Twenty-two of the 37 corporations nominated for a prestigious State Department award — and six of the eight ultimate winners — while Hillary Clinton was Secretary of State were also donors to the Clinton family foundation.
The published donor records of the Bill, Hillary and Chelsea Clinton Foundation don't give exact dates or amounts of its contributors, but it is possible to create a general timeline for when many of the corporations donated and when they were either nominated or selected for the award.
Silicon Valley giant Cisco was the biggest foundation contributor nominated in 2009, giving the Clinton charity between $1 million and $5 million. The company then won the award in 2010 when eight of the 12 finalists and two of the three winners had donated to the foundation.
The other Clinton contributor to win that year, candy-maker Mars, Inc., had given between $25,000 and $50,000. Coca-Cola was the most generous foundation donor to be honored as a finalist in 2010, giving a $5-10 million donation.
TOM's Shoes, a 2009 winner for its work in Argentina, donated between $100,000 and $250,000. The other 2009 winner, Trilogy International Partners, gave between $50,000 and $100,000 to the Clinton Foundation. Overall, seven of the 10 finalists in 2009 were foundation donors.
Seven of the 12 finalists for the award in 2011 gave to the charity. One of the winners, Procter & Gamble, had contributed $1-5 million. The other 2011 winner, Sahlman Seafoods, does not appear to have been a donor.
Tiger Machinery, a 2011 finalist, is the Russian dealer of Caterpillar, Inc. tractors and other heavy equipment. Caterpillar gave between $1,000 and $5,000 to the Clinton Foundation.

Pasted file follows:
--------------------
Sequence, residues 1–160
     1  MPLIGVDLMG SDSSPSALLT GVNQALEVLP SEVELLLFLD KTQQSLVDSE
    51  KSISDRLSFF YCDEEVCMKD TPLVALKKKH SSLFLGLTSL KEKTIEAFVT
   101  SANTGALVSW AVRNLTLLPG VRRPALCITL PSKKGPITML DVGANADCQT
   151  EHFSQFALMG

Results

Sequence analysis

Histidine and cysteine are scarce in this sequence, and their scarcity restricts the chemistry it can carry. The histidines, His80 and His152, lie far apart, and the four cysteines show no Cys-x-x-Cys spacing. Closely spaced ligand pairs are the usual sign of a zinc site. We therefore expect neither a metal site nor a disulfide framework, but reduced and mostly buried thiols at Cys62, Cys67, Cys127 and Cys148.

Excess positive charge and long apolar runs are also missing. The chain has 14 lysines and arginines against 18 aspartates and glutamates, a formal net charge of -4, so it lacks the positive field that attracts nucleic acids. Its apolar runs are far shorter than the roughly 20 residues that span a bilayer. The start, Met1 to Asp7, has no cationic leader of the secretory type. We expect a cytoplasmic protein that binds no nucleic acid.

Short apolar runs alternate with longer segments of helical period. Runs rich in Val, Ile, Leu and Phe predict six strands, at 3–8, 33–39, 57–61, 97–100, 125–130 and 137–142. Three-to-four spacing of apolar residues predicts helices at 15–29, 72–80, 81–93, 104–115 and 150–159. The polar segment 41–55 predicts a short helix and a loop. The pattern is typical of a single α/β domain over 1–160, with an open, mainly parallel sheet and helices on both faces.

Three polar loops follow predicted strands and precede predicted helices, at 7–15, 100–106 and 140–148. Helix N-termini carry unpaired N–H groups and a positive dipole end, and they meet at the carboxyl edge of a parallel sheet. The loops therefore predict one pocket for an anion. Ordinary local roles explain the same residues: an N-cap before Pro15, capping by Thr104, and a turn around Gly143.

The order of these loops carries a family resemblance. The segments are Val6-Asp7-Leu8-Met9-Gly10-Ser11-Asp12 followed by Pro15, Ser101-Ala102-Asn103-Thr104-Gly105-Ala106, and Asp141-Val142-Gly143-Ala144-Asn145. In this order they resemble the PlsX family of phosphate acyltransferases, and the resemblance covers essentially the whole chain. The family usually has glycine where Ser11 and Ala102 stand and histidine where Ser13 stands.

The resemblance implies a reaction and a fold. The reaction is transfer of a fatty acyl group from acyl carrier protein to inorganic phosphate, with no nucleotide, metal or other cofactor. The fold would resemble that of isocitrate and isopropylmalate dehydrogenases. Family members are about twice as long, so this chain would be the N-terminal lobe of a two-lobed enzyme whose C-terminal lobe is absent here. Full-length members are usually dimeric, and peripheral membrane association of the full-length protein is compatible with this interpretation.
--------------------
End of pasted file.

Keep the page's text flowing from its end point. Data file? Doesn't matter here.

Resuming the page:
Intel, another Silicon Valley giant, was nominated for an award each year of Clinton's time in office, winning the award in 2012. The technology company donated between $250,000 and $500,000.
Five of the eight finalists and one of the two winners were foundation donors in 2012. A finalist that year, Esso Angola, is an international subsidiary of Exxon-Mobil, a prolific contributor to the Clinton Foundation. Exxon-Mobil gave between $1 million and $5 million.
Each of the companies listed appear to have made at least a portion of their donations before 2013. However, the Clinton Foundation's vague listings prevent a more thorough review.
Kerry Humphrey, spokesman for the department's Bureau of Economic and Business Affairs, said "senior representatives" from multiple federal agencies selected winners from among those nominated by U.S. embassies for "corporate excellence" abroad, including "demonstrating respect for human rights" and "promoting respect for the environment."
The early days of Clinton's second presidential campaign have been overshadowed by widespread criticism from across the political spectrum of foreign donations to the former chief U.S. diplomat's family foundation, as well of her use of a private email and server to conduct government business while Secretary of State. She then unilaterally destroyed an estimated 30,000 emails she claimed were personal.
A forthcoming book by Peter Schweizer called Clinton Cash purports to show "a pattern of financial transactions involving the Clintons that occurred contemporaneous with favorable U.S. policy decisions benefiting those providing the funds."